I’d like to thank the CleanEnergyMatters ads for clarifying the grand scale of their proposed NECEC line through Maine, explaining that it will go alongside existing energy corridors for about two-thirds of its route. They even drew it on the map for me, showing what looks like a corridor from Lewiston. up along Route 4 and 27 past Sugarloaf, to the Canadian border.

I know this route is inaccurate, but it does enable me to envision what we’re considering. It’ll be analogous to a new I-95, wider than that highway is where it crosses Western Avenue in Augusta, running up through Maine alongside the scenic Route 4/27 corridor from Lewiston/Auburn, through Farmington and past Sugarloaf. And there won’t be any messy interchanges, because this new superhighway will be exclusively for traffic from Quebec headed to Massachusetts.

Maybe we’ll be lucky and they’ll clear-cut it as efficiently as I-95 has been cleared through Augusta, undoubtedly intended to help visitors from New Jersey feel right at home, with the sweeping vistas of the big-box stores and no ugly trees obstructing the view.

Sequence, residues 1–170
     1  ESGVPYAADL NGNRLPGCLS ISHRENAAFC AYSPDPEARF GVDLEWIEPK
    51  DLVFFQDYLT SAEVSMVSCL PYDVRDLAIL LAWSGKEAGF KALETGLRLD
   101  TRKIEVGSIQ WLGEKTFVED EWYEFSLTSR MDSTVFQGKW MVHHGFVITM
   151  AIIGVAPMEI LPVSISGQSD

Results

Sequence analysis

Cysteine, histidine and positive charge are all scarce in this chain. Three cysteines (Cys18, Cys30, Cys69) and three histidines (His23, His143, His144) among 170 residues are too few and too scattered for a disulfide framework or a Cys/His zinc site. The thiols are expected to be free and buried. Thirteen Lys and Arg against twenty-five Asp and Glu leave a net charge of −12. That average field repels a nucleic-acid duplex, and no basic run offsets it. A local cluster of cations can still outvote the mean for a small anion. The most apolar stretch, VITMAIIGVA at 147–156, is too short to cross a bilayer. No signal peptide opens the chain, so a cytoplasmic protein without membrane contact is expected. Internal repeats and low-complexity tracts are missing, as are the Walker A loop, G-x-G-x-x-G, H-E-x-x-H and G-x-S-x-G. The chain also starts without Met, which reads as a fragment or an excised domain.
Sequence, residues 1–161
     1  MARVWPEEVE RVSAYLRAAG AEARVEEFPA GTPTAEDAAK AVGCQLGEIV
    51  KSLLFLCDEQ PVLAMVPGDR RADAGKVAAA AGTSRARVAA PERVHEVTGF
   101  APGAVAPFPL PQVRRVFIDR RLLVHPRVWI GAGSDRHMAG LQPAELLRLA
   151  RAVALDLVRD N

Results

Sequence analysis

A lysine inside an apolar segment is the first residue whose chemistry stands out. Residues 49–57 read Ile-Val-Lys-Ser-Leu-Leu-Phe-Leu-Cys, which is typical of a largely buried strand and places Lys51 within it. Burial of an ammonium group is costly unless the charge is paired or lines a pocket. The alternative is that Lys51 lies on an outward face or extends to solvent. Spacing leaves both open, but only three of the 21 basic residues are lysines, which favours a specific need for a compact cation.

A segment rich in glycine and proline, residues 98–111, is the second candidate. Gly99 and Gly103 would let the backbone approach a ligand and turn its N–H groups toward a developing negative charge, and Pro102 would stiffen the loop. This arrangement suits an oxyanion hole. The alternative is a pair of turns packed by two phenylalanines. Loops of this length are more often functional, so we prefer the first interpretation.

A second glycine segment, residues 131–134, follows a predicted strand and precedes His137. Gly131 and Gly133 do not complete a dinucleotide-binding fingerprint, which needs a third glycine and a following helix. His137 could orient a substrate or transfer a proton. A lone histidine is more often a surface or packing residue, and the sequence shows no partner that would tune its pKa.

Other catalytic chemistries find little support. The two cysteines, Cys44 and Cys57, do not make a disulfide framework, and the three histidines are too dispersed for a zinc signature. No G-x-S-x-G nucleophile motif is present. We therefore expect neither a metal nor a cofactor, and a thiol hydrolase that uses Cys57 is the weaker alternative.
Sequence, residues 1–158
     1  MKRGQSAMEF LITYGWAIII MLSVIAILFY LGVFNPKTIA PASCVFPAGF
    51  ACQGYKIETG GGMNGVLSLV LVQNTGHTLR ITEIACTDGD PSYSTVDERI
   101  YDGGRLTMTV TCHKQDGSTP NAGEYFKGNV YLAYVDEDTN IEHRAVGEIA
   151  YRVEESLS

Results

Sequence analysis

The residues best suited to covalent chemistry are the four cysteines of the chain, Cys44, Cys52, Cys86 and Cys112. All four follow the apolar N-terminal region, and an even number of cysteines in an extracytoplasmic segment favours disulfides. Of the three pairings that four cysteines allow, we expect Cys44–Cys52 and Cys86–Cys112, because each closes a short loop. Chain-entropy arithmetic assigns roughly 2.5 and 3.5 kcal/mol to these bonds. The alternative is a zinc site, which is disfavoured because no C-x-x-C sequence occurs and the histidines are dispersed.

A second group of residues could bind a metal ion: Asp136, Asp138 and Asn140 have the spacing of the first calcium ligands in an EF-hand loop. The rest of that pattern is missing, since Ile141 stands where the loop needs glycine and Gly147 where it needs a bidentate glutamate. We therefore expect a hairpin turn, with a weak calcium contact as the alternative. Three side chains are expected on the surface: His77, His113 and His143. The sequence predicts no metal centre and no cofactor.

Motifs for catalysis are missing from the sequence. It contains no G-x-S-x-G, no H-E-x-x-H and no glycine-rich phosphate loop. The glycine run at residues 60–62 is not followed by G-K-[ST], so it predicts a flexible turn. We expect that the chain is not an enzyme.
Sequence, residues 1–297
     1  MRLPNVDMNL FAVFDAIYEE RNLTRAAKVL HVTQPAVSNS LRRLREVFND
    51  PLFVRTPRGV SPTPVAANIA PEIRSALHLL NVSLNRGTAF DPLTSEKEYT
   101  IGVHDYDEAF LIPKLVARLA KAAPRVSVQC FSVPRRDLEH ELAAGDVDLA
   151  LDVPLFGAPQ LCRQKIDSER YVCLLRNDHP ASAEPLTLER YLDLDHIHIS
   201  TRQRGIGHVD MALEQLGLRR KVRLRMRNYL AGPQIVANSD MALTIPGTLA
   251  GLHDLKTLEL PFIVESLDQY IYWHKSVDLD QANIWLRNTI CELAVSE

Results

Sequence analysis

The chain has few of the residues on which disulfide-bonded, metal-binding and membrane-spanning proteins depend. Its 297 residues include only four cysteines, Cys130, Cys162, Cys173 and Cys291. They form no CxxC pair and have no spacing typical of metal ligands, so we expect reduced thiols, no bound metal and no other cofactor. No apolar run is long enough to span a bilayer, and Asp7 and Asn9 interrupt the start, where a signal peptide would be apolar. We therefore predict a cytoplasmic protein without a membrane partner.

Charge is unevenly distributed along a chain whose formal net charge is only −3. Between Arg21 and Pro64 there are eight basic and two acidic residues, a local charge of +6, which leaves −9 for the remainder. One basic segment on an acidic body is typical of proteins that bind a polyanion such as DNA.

Transmission Developers Inc. has offered a fully permitted, fully supported, fully underground and viable, shovel-ready solution that would carry the same amount of power through Vermont in an underground cable. But apparently Central Maine Power — our local tiny cog in the giant Spanish Iberdrola empire — has calculated it’s cheaper to trash Maine than let them construct a less-destructive route elsewhere.

We’ll get some modest short-term payouts, in exchange for a permanent scar across the landscape, slicing through what for now remains the largest continuous U.S. forest block east of the Mississippi River.

Of course we won’t consider the trashing of Indigenous communities and the Canadian environment that Hydro-Quebec has effected in the name of “clean energy.”


Robert Nelson


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